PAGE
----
"Because I'm in Prague long enough to remember the prostitution and brothels in Prague, possibly not with such a high profile...but certainly they existed here eight, 10, 11 years ago. So I think it would be unfair to say that's catering for a demand from stag parties."
How do local people react when they see large groups of British lads out on the tear in the centre of Prague? The truth is many Czechs rarely go out in the city centre, which they regard as too expensive and, well, full of foreigners. And those that do go into town at the weekend don't seem to mind stag groups too much, says Tom Kenyon.
"I think it's quite amusing to see ten blokes dressed as 'pimp daddies' walking through Wenceslas Square. Generally all the Czechs come up to them, they're laughing, they're taking pictures of them. All the groups are writing saying they had a tremendous reception here amongst the Czechs, that Czechs find it funny, it's unusual, it's something new to them. It definitely adds a bit of colour to the local scene."
Perhaps a little too much colour sometimes for some people's liking. Pub owner Robbie Norton says most groups are not misbehaved, but some don't know where to draw the line.
"A lot of them behave quite badly. Having said that, a lot of them doesn't mean all of them. We have had many, many, many groups in here extremely well behaved. There is a minority who come to Prague for trouble, but I think is not a uniquely Prague problem.
"I think this happens in my home city of Dublin also, which is probably why Dublin took the step of making stags so unwelcome that they couldn't even reserve hotels. If you try phoning Dublin to book hotel accommodation for 46 people, or 25 people, you're just told, I'm sorry we're full."
The Irish capital took the step of banning stag groups because they were putting off other tourists with their loud and loutish behaviour. Is that something the Czech authorities would ever consider? Rostislav Vondruska, director of state agency Czech Tourism.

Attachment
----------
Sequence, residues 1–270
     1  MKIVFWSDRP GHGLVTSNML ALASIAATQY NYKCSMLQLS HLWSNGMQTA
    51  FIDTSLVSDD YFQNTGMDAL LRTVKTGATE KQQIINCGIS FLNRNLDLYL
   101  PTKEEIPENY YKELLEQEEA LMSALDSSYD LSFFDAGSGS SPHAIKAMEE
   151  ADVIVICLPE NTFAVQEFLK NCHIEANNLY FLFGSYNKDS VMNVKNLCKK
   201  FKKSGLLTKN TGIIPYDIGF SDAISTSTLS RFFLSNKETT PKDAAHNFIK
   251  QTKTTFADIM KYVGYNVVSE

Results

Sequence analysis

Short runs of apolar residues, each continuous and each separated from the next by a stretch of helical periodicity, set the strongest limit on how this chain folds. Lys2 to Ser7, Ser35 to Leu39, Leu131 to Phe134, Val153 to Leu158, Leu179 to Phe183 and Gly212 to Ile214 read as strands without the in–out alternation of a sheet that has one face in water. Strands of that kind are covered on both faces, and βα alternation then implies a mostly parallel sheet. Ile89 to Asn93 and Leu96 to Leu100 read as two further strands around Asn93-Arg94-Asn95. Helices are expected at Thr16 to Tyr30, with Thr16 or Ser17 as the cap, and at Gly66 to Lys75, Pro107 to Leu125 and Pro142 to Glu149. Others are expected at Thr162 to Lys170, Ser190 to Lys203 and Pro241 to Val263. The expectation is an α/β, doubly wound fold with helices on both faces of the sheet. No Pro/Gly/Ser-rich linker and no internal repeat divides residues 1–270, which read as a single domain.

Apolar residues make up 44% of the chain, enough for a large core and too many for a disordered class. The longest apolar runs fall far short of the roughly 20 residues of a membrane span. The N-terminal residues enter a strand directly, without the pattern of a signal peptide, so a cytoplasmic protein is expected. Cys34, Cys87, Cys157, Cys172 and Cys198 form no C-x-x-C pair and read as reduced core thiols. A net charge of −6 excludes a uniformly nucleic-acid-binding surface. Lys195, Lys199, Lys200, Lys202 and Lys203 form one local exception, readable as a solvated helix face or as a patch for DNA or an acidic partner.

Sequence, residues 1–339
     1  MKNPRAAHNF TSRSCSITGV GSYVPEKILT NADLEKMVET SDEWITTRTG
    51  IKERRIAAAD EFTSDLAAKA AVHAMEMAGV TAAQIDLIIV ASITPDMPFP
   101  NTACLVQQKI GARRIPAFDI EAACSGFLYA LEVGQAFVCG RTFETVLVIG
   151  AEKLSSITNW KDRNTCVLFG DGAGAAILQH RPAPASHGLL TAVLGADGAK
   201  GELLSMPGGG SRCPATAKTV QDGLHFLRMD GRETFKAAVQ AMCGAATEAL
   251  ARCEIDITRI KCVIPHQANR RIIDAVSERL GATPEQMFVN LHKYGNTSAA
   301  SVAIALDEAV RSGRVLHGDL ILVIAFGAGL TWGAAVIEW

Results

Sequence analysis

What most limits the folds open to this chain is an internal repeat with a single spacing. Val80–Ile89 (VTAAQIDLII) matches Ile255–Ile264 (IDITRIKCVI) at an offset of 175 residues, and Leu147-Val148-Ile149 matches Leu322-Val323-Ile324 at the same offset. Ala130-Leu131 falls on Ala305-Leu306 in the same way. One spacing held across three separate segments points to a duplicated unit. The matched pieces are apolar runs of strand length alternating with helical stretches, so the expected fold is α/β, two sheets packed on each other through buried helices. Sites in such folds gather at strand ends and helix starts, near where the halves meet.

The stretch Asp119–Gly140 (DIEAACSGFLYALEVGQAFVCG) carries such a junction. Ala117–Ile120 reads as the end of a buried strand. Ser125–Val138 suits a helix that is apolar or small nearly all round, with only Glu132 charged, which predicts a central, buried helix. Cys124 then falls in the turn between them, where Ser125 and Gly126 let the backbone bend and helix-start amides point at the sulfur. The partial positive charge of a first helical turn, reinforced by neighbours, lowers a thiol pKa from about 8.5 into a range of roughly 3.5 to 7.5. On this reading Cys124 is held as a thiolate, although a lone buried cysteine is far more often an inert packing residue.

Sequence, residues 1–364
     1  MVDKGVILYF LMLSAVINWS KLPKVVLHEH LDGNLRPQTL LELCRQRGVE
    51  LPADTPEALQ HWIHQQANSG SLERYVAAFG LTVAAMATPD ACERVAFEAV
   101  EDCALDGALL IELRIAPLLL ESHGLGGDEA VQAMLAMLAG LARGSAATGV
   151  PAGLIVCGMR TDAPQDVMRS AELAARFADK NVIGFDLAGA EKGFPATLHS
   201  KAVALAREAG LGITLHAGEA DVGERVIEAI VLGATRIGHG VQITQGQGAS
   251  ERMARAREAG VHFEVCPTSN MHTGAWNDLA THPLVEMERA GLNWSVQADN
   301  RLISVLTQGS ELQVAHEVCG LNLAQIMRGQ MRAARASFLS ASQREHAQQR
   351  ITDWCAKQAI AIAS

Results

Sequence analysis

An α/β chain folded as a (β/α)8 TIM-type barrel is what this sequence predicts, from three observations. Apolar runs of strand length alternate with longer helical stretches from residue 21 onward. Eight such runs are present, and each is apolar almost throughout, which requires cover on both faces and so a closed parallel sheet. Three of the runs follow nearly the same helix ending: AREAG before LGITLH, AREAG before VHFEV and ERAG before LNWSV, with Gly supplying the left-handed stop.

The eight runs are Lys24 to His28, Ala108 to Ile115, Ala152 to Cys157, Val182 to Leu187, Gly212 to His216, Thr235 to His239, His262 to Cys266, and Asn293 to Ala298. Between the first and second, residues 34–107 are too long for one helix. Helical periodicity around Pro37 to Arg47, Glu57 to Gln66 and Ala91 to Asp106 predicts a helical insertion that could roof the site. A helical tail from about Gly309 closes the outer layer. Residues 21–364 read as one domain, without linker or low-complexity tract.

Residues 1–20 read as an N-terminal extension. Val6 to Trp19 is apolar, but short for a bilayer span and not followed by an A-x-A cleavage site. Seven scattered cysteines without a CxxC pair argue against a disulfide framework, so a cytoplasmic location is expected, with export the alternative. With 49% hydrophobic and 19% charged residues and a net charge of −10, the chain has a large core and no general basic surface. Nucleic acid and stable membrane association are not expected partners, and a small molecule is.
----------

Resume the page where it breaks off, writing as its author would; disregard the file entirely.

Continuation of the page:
"I'm aware of the fact that Dublin banned these groups and I think it's a feasible...evolution. It might happen here if the problems will...not continue because there are not so many, but arise more. I think they are not giving Prague a bad name right now, but it could happen if the future if we actively promoted this kind of tourism - but that will not happen."
Do you think some tourists maybe wouldn't come here because they see on the streets these drunken Brits?
"I don't think so. I mean the stag party participants tend to spend a hundred percent of their time in pubs. I don't think there's a collision between normal tourists and stag parties."
For now it seems the Czech authorities are taking a 'hands off' approach to stag tourism. But in any case, says Tom Kenyon of Prague Pissup, it is only a question of time before young British men in search of adventure discover the novelty of other cities in the former Eastern Bloc.
"There are a lot of new destinations starting all the time. We started doing Budapest last year and Tallinn the year before. And we'll probably do Bratislava and Warsaw in the next year. These other cities are desperate for these clients. They want tourists, and they welcome them - much as Prague did five years ago. It is inevitable that the numbers will go down because of all this competition from these other destinations."
So these stag groups may move on some time in the future. For now, though, they remain a very visible phenomenon in the Czech capital.